Louisville Mayor Greg Fischer will not have to testify at embattled Councilwoman Barbara Shanklin’s removal trial.
Attorney Aubrey Williams had sought to subpoena the mayor so Fischer would explain the administration’s reasoning for terminating the upholstery program for ex-offenders that Shanklin continued to fund.
Metro Corrections halted the program in November 2011 in a letter to the program’s instructor after learning few former inmates attend.
But an affidavit signed by Fischer says he did not have any knowledge about the program until after the decision was made. The court accepted the mayor’s explanation that he leaves the “day-to-day” operations of departments to directors.
Williams told the court it is hard to believe Fischer was “oblivious” to the controversy and there is no question he was directly involved with shuttering the program.
“The mayor knew very well what was going on here. And for the mayor to not be willing to come and explain and talk about what he knew, why he did what he did, I think is just not right. It certainly isn’t fair to my client,” he says.
Shanklin faces two charges that she deliberately violated the city’s code of ethics, including the misuse of $29,000 in taxpayer funds for the upholstery that she and her relatives attended.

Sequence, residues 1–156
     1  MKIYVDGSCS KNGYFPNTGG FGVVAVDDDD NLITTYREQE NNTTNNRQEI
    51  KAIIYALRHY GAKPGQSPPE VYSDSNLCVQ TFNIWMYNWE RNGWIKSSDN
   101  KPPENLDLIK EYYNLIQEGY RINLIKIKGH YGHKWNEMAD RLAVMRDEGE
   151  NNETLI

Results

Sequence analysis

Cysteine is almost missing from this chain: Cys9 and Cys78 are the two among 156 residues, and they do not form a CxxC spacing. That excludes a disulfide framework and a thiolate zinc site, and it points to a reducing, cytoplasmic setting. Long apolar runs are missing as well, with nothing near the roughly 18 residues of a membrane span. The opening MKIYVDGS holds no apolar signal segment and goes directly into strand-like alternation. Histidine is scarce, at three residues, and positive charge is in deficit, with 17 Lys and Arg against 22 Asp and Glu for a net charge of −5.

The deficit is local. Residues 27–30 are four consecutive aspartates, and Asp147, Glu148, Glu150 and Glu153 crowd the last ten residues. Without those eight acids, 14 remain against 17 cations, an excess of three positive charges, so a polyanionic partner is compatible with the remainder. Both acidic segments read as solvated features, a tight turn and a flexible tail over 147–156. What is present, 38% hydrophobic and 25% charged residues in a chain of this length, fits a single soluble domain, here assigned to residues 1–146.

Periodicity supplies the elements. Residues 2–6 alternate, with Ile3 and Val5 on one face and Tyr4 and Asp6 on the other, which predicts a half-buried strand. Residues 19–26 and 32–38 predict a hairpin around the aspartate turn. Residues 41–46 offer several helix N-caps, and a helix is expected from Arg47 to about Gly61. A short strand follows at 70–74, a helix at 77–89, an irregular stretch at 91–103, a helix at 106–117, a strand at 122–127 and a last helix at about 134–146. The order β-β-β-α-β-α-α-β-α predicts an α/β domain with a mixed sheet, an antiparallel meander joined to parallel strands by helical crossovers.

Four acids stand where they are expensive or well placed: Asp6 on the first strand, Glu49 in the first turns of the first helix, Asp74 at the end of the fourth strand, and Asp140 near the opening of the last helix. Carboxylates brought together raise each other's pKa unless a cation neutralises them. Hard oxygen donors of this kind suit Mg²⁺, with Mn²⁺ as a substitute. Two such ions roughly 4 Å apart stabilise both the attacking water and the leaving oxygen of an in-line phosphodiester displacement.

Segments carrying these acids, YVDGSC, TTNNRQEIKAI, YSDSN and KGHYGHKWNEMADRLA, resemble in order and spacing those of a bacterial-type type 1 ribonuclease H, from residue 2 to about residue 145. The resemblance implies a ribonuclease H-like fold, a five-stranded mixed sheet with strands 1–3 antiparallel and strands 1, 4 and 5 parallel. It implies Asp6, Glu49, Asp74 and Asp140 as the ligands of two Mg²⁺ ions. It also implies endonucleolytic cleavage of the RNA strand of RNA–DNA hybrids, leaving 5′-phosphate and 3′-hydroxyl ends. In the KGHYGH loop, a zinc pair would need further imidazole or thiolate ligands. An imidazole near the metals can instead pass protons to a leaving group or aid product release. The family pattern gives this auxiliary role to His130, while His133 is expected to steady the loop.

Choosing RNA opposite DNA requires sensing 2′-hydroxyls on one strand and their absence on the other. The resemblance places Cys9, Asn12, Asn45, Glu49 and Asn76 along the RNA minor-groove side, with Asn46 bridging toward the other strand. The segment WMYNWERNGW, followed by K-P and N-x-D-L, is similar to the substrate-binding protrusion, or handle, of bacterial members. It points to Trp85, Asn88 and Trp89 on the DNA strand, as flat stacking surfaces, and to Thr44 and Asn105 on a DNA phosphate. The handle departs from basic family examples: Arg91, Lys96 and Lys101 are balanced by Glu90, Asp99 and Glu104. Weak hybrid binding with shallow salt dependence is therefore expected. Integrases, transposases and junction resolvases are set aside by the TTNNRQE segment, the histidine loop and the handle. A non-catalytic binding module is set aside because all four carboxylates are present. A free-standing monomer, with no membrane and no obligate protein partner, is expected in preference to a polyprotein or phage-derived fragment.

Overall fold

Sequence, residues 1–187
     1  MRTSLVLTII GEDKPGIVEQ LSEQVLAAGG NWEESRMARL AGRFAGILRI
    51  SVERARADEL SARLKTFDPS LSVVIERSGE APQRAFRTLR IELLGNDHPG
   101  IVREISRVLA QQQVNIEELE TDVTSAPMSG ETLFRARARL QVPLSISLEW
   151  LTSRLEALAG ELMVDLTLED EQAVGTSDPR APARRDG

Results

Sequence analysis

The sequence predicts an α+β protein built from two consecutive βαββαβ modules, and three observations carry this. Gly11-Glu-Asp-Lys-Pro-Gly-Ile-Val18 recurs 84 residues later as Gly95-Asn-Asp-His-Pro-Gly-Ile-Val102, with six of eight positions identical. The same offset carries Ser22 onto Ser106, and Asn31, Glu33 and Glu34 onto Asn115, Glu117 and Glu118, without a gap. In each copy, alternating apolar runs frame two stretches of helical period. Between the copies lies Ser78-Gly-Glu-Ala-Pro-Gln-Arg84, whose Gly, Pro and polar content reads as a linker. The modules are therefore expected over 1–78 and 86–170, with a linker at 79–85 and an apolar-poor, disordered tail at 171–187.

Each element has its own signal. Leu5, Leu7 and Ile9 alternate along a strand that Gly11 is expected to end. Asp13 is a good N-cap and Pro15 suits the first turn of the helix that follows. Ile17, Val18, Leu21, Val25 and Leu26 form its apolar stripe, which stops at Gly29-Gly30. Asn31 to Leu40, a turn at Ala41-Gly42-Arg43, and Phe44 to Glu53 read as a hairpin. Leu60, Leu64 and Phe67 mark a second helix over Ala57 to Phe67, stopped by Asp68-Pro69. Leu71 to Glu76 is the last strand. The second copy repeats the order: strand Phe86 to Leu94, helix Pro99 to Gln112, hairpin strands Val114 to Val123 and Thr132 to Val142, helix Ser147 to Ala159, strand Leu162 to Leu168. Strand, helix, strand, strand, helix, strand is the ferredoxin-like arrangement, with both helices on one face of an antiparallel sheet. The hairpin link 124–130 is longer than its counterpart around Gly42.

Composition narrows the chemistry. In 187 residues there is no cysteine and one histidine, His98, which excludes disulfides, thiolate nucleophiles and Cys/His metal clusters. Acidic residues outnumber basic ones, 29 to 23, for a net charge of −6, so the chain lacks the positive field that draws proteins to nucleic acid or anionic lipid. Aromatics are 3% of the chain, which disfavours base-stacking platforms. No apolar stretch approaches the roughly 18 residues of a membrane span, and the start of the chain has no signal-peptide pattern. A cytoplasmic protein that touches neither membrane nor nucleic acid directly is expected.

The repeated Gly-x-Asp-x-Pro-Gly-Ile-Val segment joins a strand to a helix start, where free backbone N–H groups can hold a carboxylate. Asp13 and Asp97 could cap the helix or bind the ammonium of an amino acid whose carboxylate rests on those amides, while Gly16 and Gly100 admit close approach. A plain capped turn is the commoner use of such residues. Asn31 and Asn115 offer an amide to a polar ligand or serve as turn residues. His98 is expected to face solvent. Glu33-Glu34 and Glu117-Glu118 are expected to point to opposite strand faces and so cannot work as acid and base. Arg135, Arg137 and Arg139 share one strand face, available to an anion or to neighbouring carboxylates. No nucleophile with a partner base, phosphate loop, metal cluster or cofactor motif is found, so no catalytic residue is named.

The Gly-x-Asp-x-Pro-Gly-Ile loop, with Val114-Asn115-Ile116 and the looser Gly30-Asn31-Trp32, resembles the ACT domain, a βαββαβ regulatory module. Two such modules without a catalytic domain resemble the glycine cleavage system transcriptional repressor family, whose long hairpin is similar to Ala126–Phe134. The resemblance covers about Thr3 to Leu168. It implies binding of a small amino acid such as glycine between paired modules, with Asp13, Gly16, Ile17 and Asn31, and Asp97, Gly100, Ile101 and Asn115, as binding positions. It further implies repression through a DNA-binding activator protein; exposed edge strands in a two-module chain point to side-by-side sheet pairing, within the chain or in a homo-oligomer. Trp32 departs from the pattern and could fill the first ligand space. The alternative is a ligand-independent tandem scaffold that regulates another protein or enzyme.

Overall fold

The councilwoman is also have alleged to have improperly overseen $75,000 in public funds appropriated towards Petersburg-Newburg Improvement Association when she was a board member of the group.
Last year, a Shanklin spokesperson said she was upset with the public criticism from the mayor’s office that suggested tax dollars to fund the upholstery program were not spent as intended.
“The mayor isn’t just any individual. People believe what the mayor says when he says it,” Williams says. “We cannot escape the fact that the community has been bombarded with this case. And people have made their minds up and part of making their minds up has to do with what the mayor did, what the mayor said and what the mayor’s office did and said.”
The court also threw out Williams’s subpoena for two members of the Metro Ethics Commission, which recommended her ouster from office. He was seeking to question the commission about the ethics ordinance as it pertains to the Shanklin case.
A five-member Charging Committee filed a removal petition against Shanklin in earlier this year after the commission recommended her ouster.
The remaining 20 members will sit as a jury in the removal trial, which is expected to last at least three days with opening statements beginning on Tuesday.
According to city ordinance, it takes a two-thirds vote to remove a council member from office.